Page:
The ladies were very nice. The Lady Chablis was friendly and flirtatious, ignoring her husband who sat placidly in a lawn chair at the back of the yard. Emma seemed somewhat confused as to her part in this whole performance and Mandy looked tired.

The bottom floor of the house had a souvenir shop and we were urged to partake of the treasures therein.

I lied and told Mandy that I'd left my copy of The Book at home, "home" being the RB Main Library. She promptly pulled out a book marker - like a bigger version of a visiting card - and all of the ladies signed it for me. I think it cost $2.50.

Monday, January 4, 2010

A Roving Mind

I was reading Lois Battle's "Bed and Breakfast" which is set in Beaufort, SC. I remembered that we'd been there in 1996. Hint: Beaufort is not pronounced "Bow-fort" as you'd expect, but "Bew-fert" instead. Just in case you have to ask directions.

I may very well be hazy on some of the details that follow, but, Your Honor, to the best of my recollection... We flew into Savannah, toured around (more of which later) and then drove north to Charleston, stopping in Perris Island and Beaufort (which ever comes first on the map) on the way.

Perris Island did have a guard at the front gate of a two lane road, but with no trouble at all, we were allowed to drive up and then back down the main road. We passed a sign on one of the buildings that read "Cake icing lessons - Tuesday, 4/25.) I cannot imagine a Marine icing a cake. Just wouldn't happen.

We passed a black drill sergeant marching his guys. Ramrod posture, his uniform impecable in every detail. He was screaming at the top of his lungs at them! I yelled to Richie, 'That's it! In my next life I want to be a drill sergeant!" Happily, the a/c was on and the windows rolled up.

We had lunch in Beaufort. Waitresses in pastel uniforms with white aprons and lacy handkerchiefs in their breast pockets cooed. Mine gestured at my iced tea glass and inquired, "Would you like me to freshen that up for you, darlin'?"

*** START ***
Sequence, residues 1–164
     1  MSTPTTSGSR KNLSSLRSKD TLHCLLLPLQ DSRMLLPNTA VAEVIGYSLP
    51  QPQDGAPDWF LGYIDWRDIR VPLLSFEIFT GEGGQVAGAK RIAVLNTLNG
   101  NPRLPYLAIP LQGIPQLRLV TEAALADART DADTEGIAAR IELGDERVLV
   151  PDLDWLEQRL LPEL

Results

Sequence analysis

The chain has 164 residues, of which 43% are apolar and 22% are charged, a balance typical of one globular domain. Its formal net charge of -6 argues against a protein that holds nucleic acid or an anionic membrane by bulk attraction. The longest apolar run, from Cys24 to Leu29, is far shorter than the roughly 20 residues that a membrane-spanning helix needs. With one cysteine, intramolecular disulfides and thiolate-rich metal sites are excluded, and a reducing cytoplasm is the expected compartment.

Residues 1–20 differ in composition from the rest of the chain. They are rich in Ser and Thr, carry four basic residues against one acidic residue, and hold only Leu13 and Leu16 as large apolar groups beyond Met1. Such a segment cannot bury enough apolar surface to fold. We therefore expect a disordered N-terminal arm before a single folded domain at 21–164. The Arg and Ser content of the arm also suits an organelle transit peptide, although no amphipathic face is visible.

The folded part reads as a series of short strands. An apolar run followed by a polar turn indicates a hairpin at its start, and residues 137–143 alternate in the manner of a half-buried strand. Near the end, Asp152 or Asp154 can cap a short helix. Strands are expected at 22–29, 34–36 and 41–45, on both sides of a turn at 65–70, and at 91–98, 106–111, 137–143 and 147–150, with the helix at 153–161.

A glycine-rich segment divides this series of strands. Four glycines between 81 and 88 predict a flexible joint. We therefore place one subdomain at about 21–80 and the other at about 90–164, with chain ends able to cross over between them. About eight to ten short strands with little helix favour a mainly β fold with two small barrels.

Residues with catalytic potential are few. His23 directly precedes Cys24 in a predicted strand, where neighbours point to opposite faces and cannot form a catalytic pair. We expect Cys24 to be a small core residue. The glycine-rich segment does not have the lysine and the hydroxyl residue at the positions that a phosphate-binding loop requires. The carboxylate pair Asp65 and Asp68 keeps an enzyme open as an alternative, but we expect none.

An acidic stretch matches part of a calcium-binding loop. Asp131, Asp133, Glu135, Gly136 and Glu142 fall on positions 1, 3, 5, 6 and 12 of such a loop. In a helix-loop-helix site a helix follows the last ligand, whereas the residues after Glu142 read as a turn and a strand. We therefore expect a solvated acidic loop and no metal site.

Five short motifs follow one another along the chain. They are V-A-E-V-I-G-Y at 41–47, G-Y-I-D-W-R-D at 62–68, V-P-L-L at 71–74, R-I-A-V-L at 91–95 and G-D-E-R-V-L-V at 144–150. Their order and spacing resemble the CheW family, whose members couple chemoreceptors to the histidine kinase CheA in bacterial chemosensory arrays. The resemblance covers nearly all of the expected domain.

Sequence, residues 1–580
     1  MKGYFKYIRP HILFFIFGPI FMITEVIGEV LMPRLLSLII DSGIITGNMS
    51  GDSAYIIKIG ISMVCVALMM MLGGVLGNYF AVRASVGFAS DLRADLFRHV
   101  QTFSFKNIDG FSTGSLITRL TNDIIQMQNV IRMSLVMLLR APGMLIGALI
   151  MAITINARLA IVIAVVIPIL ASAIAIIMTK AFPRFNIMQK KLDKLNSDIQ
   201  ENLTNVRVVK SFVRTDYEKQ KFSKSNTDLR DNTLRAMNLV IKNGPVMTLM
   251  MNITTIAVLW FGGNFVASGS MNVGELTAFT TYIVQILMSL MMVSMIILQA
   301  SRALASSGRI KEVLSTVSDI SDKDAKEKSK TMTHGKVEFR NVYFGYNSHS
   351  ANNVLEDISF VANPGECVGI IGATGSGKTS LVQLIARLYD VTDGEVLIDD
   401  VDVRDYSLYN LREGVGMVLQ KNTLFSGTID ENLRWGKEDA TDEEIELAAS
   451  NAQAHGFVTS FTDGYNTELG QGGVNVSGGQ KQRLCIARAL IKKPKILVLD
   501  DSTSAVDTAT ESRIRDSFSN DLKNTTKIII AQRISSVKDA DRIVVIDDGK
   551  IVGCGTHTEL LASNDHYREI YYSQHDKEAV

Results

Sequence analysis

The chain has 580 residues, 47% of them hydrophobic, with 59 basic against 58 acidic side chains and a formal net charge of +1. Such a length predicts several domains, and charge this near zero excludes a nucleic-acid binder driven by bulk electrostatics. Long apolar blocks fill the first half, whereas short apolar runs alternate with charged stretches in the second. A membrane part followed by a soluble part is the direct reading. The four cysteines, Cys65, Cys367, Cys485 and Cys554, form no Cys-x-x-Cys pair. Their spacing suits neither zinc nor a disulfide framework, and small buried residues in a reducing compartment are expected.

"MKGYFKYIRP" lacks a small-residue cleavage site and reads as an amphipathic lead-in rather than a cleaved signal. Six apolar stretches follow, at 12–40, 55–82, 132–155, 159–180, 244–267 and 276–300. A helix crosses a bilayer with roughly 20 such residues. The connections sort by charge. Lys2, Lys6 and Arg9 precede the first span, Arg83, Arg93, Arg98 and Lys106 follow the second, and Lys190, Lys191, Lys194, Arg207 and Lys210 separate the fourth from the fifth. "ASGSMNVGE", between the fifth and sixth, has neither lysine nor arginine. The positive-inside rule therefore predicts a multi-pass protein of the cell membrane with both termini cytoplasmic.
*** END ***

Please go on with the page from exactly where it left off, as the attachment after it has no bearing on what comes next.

Beaufort is a charming little town, perched picturesquely along a cliff top overlooking the water. You could easily tell it was an old town by the construction - short, brick buildings for commercial use and enormous mansions (many of which are bed and breakfast places.)

All in all, we found it "nice" but we wanted more action. We returned to Savannah and discovered a positive hotbed of intrigue, drunks, stories and excitement.

Sunday, January 3, 2010

Disclaimer Urgently Needed!

We, the residents of Southern California, have a seasonal situation that should be fixed forthwith. I'm speaking of the hordes of people who come here from the north, Midwest and northern East Coast for the RoseBowl Parade.

Bright with anticipation, eager faces turn up to bask in the sun, they are unaware that by no later than January 15th, the weather will have turned and stayed cold, rainy and foggy until the end of June. Hence the nicknames "June Gloom" which follows "Gray May."

What happens after these cold weather dwellers get here? Clearly the sun unhinges them. Typical conversation at the Rose Bowl events, "Maudeen, Ah believe you'ah right. this is puhfect weathuh." And Maudeen replies, "Clyde, Ah'm damned sick and tire of living in (insert location.) Let's move out heah!"

Boom! They've sold the old homesteads and driven their trucks and moving vans out here. They're probably going to get here by mid-February and most likely, they'll say., "Aw, it's jest a spella bad weather. No need to fret." But the unpleasant weather continues...more and more disheartened, they begin to miss family and friends. They put their houses/condos/apartments up for sale and, disisllusioned, they move back home.

Accounting largely for Southern California's massive real estate slump.

My solution? Every travel agent, airline, bus and train ticket seller should make them sign a piece of paper that says: "I (name) do understand that what I am about to see here in Southern California does not represent this fine state's true weather conditions. I do accept that the minute the Rose Bowl festivities are over, the darkness will descend. And I hereby promise to go back home. (Signed and dated.)"

Friday, January 1, 2010


A faint scent of tantalizing possibilities...the possibility of new sights, new friends, new amusements...perhaps the finale of some unfinished business. A new year is rife with hope, ambition and "What does the future hold?" Embrace it and go forth with courage!
Small editorial: many more people today than I can remember in the past are, to say the least, displeased with a great many of our political "leaders." This is an election year and the way to remove the offenders is to VOTE AGAINST THEM. It's still "We the people" NOT "We the pork barrelers..."